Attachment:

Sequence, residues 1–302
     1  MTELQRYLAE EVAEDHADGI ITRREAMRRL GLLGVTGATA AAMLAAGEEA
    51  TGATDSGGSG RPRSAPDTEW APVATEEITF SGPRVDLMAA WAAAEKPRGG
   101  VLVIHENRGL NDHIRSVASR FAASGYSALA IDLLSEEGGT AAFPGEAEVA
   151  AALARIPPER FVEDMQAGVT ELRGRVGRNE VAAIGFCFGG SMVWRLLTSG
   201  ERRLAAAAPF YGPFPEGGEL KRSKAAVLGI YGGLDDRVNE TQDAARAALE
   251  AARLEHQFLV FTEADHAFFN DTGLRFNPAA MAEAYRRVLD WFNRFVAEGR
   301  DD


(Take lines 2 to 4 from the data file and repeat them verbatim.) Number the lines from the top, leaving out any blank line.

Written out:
     1  MTELQRYLAE EVAEDHADGI ITRREAMRRL GLLGVTGATA AAMLAAGEEA
    51  TGATDSGGSG RPRSAPDTEW APVATEEITF SGPRVDLMAA WAAAEKPRGG
   101  VLVIHENRGL NDHIRSVASR FAASGYSALA IDLLSEEGGT AAFPGEAEVA